To understand whether the virtual ward was effective and should be scaled for future responses to COVID-19 surges, we conducted a retrospective cohort study to evaluate the safety and outcomes of patients under the Virtual Ward care, and describe the utilisation of teleconsultation, home visits and vital signs monitoring.
The National University Health System (NUHS) is an integrated healthcare system in the Western region of Singapore, comprising three acute hospitals—National University Hospital, Ng Teng Fong General Hospital, Alexandra Hospital and several primary care clinics (polyclinics). The COVID Virtual Ward is run by NUHS’ existing Hospital-at-Home Programme, NUHS@Home.
Patients were referred to the COVID Virtual Ward from two sources. First, COVID-19 inpatient wards at all three hospitals may refer hospitalized patients once stable. Such patients would have received initial treatment in a hospital ward, then transferred to the Virtual Ward for the rest of their isolation period, thereby reducing their hospital length-of-stay. We refer to this cohort as the “early discharge” cohort. Second, primary care practices, outpatient clinics and emergency departments may refer patients identified to have COVID-19 but are not yet admitted to the hospital. These patients would be admitted directly to the Virtual Ward rather than being admitted to a hospital ward at all. We refer to this cohort as the “admission avoidance” cohort.
Patients who were eligible for HRP were excluded from the COVID Virtual Ward. Differences between HRP and COVID Virtual Ward are summarized in Table 1.
Referral criteria were clinical stability (did not require oxygen, no symptoms of breathlessness); not on haemodialysis; wished to be cared for at home. Patients who met prevailing criteria for HRP  were excluded. There were no limitations on geographical boundaries of patients’ place of residence.
All referrals were screened by COVID Virtual Ward doctors over teleconsultation for clinical stability, home suitability (satisfactory ability to self-isolate from vulnerable household members), and ability to engage with teleconsultations and self-monitor vital signs. Eligible patients were then admitted to the COVID Virtual Ward.
The COVID Virtual Ward treatment protocol was developed taking into account patients’ day of illness, clinical risk, vaccination status and presence of immunocompromised state. Management includes regular teleconsultations by nurses, scheduled teleconsultations by doctors, teleconsultations by pharmacist where required, and regular vital signs monitoring. During the critical phase, defined as day 1 to 5 from symptom onset for fully vaccinated individuals and day 1 to 8 from symptom onset for not fully vaccinated or immunocompromised individuals, patients received teleconsultation daily combined with a modified clinical examination, the 1 min Sit-To-Stand test [22,23,24] to determine exertional hypoxia, with vital signs monitored three times daily. In the recovery phase, the teleconsultation frequency was reduced to every other day and vital signs to twice daily. For immunocompromised individuals in the last week of isolation, teleconsultation frequency was as needed only, with vital signs once daily (Additional file 1: Fig. S1).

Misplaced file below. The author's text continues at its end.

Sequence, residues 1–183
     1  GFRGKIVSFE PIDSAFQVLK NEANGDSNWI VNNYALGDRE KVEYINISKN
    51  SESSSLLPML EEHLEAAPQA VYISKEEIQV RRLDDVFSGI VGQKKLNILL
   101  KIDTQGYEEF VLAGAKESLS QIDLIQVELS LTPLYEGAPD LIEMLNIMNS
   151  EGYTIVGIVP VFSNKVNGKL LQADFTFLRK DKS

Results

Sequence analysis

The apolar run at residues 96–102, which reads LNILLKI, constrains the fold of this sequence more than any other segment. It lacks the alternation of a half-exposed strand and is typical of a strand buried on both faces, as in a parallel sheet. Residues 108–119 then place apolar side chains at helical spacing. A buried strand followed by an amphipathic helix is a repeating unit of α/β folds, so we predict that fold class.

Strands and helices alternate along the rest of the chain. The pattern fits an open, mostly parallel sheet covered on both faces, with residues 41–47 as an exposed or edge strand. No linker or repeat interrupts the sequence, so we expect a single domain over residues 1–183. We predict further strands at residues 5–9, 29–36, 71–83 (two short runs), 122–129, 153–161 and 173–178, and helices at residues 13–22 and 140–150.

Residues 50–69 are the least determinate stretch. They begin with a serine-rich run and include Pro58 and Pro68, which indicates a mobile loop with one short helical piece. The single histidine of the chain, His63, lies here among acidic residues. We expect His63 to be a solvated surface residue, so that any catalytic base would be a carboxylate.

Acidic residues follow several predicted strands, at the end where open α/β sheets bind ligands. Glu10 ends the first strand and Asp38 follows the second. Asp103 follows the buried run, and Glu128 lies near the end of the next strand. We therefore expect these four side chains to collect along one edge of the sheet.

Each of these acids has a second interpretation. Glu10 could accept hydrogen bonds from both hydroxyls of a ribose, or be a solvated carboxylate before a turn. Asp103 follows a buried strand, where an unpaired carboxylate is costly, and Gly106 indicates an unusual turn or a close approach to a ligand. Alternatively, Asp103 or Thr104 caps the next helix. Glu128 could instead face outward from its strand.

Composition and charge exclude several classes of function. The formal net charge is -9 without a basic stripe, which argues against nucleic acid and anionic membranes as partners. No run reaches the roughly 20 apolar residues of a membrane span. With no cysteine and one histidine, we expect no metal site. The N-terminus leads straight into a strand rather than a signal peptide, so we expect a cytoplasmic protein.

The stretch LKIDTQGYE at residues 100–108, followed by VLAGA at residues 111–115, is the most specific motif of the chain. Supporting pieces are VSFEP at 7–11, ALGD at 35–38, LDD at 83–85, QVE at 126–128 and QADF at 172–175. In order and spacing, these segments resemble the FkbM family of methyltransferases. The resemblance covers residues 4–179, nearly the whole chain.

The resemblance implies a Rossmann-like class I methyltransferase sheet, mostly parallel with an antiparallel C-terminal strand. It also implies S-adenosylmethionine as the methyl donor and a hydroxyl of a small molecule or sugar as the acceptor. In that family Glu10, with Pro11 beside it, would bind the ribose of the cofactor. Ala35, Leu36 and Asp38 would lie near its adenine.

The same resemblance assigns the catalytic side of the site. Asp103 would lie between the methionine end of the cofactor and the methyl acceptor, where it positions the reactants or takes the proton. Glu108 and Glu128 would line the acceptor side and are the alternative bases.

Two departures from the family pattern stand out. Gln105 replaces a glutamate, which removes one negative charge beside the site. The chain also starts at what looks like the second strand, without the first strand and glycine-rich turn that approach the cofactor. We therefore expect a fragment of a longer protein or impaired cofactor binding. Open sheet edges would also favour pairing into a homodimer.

During the treatment period, a private medical house call agency assisted with nursing visits for blood tests, patient review or nursing procedures (e.g. wound dressing, PICC flushing). If further medication top up or adjustment was required, the medication delivery and counselling via teleconsultation were arranged by the Virtual Ward pharmacist. Treatment protocols were individualized according to other patient needs, for example laboratory tests were repeated weekly for transplant patients, and patients on warfarin had their INR monitored as required.
Prevailing national guidance for administration of the recommended monoclonal antibody sotrovimab  were: (1) within day 1–5 of illness; (2) had an insufficient spike antibody response; and (3) had an elevated ISARIC 4-C mortality score . For patients in the early discharge cohort, patients would have been risk stratified and monoclonal antibodies administered prior to transfer to the Virtual Ward. For patients in the admission avoidance cohort, we routinely performed blood tests upon enrolment including COVID serology, urea and C-reactive protein to calculate the ISARIC 4-C mortality score, and escalate patients back to the hospital for early treatment if they met criteria (Additional file 1: Fig. S2). Such patients were transferred back to the Virtual Ward after antibody administration if well and were included as being escalation to hospital for monoclonal antibodies.
Vital signs chatbot